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Monitoring and Learning Algorithms for Future Power Grids
Date: 2014/10/20             Browse: 814

Speaker:  Georgios B. Giannakis

Time:        Oct. 20, 16:50-18:30

Location: Room 220, Building 8


The pressing need to modernize the aging power grid has culminated into the smart grid vision, which entails the widespread use of state-of-the-art sensing, control, and information technologies. Instrumental for leveraging these smart technologies are novel approaches to monitoring and grid data analytics.  In this context, the present talk starts with pertinent signal processing algorithms for power system state estimation based on semi-definite relaxation, decentralized solvers and circuit breaker reconfiguration tools, as well as optimal placement of phasor measurement units. Machine learning paradigms are also presented for identifying line outages, which is a critical task for preventing cascade failures. By accounting for the consumers’ responsiveness to prices, real-time pricing is also performed via online convex optimization to elicit desirable demand response and thus reduce peaks in load curves. The efficacy of the novel approaches is assessed using standard IEEE power grid benchmarks.


Georgios B. Giannakis (Fellow’97) received his Diploma in Electrical Engr. from the Ntl. Tech. Univ. of Athens, Greece, 1981. From 1982 to 1986 he was with the Univ. of Southern California (USC), where he received his MSc. in Electrical Engineering, 1983, MSc. in Mathematics, 1986, and Ph.D. in Electrical Engr., 1986. Since 1999 he has been a professor with the Univ. of Minnesota, where he now holds an ADC Chair in Wireless Telecommunications in the ECE Department, and serves as director of the Digital Technology Center. His general interests span the areas of communications, networking and statistical signal processing – subjects on which he has published more than 370 journal papers, 630 conference papers, 20 book chapters, two edited books and two research monographs (h-index 109). Current research focuses on big data analytics, wireless cognitive radios, mobile ad hoc networks, renewable energy, power grid, gene-regulatory, and social networks. He is the (co-) inventor of 22 patents issued, and the (co-) recipient of 8 best paper awards from the IEEE Signal Processing (SP) and Communications Societies, including the G. Marconi Prize Paper Award in Wireless Communications. He also received Technical Achievement Awards from the SP Society (2000), from EURASIP (2005), a Young Faculty Teaching Award, the G. W. Taylor Award for Distinguished Research from the University of Minnesota, and the IEEE Fourier Technical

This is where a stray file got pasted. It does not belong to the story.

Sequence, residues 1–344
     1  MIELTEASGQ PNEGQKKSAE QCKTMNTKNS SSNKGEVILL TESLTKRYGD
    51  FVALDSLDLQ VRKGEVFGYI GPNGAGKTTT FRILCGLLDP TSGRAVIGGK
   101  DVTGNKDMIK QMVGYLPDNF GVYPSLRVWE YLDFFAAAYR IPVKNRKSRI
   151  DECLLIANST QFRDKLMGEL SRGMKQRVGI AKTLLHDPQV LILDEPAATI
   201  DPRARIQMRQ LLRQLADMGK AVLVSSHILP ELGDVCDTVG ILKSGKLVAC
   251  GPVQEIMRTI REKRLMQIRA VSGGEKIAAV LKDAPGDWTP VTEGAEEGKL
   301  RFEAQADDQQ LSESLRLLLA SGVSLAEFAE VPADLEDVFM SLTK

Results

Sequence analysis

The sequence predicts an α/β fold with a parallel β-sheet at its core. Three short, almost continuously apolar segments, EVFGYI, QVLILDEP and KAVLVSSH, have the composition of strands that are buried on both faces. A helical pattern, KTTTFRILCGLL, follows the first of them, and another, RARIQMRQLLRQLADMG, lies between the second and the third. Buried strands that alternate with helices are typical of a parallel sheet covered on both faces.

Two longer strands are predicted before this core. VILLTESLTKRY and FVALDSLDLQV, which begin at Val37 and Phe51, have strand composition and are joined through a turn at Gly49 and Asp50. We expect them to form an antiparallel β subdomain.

Field Award (2014). He is a Fellow of EURASIP, and has served the IEEE in various posts, including that of a Distinguished Lecturer.

                                                                                                     SIST-Seminar 14032